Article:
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Exquisite allele discrimination by toehold hairpin primers.

Byrom M, Bhadra S, Jiang YS, Ellington AD - Nucleic Acids Res. (2014)

Bottom Line: We have now similarly found that the short toehold sequence to a target of interest can initiate both strand displacement within the hairpin and extension of the primer by a polymerase, both of which will further stabilize the primer:template complex.However, if the short toehold does not bind, neither of these events can readily occur and thus amplification should not occur.During real-time PCR, the primers discriminate between mismatched templates with Cq delays that are frequently so large that the presence or absence of mismatches is essentially a 'yes/no' answer.

View Article: PubMed Central - PubMed

Affiliation: Department of Molecular Biosciences, Center for Systems and Synthetic Biology, University of Texas at Austin, Austin, TX 78712, USA.

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Schematic of toehold-dependent hairpin (THP) primers for enhanced SNP distinction. Most of the target-binding sequence of the hairpin primer is sequestered by hybridization to the complementary sequence in the stem (shown in blue) leaving a short target-specific single stranded ‘toehold’ (red arrow) at the 3′-end. Binding of the toehold to its complementary target sequence initiates strand displacement leading to primer unfolding and stabilization of the primer:template duplex by extended hybridization. Concomitant initiation of polymerization from the 3′-end by the DNA polymerase leads to template amplification. The toehold hybridization efficiency (and the ensuing primer strand displacement) is designed to be significantly impaired by even a single mismatched nucleotide resulting in primer destabilization and significantly diminished amplification.
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Figure 1: Schematic of toehold-dependent hairpin (THP) primers for enhanced SNP distinction. Most of the target-binding sequence of the hairpin primer is sequestered by hybridization to the complementary sequence in the stem (shown in blue) leaving a short target-specific single stranded ‘toehold’ (red arrow) at the 3′-end. Binding of the toehold to its complementary target sequence initiates strand displacement leading to primer unfolding and stabilization of the primer:template duplex by extended hybridization. Concomitant initiation of polymerization from the 3′-end by the DNA polymerase leads to template amplification. The toehold hybridization efficiency (and the ensuing primer strand displacement) is designed to be significantly impaired by even a single mismatched nucleotide resulting in primer destabilization and significantly diminished amplification.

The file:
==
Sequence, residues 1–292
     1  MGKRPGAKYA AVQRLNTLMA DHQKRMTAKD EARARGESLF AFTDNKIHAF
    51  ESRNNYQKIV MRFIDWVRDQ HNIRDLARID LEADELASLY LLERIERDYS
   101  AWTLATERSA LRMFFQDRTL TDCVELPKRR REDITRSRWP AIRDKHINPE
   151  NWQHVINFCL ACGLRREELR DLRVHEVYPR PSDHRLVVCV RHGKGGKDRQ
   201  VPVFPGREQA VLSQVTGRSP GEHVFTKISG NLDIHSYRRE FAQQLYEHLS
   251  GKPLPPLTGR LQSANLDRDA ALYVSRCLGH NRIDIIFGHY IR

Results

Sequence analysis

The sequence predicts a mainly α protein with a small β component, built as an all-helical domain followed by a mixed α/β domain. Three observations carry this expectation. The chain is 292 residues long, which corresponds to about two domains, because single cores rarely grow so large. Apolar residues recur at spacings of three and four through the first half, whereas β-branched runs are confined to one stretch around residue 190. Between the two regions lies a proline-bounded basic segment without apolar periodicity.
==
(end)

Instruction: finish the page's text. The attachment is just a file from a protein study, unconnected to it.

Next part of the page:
Mentions: In attempting to identify SNPs during real-time PCR amplification, the ideal result would be that a SNP-specific primer would perfectly bind its matched template and not react at all with the mismatched template. While this is energetically impossible, it may nonetheless be possible to create situations where the initial discrimination between matched and mismatched primers leads to much more productive amplification of only the matched sets. By manipulating the DNA toehold strand displacement designs originally described in the field of DNA computing, we have come up with a model for mismatch discrimination that relies on equilibration of a very small sequence ‘seed’, rather than equilibration of a much larger primer. In this model, the initial binding of the seed leads to two processes, which may occur in parallel: first, strand displacement that leads to additional primer-binding and second, strand extension (Figure 1).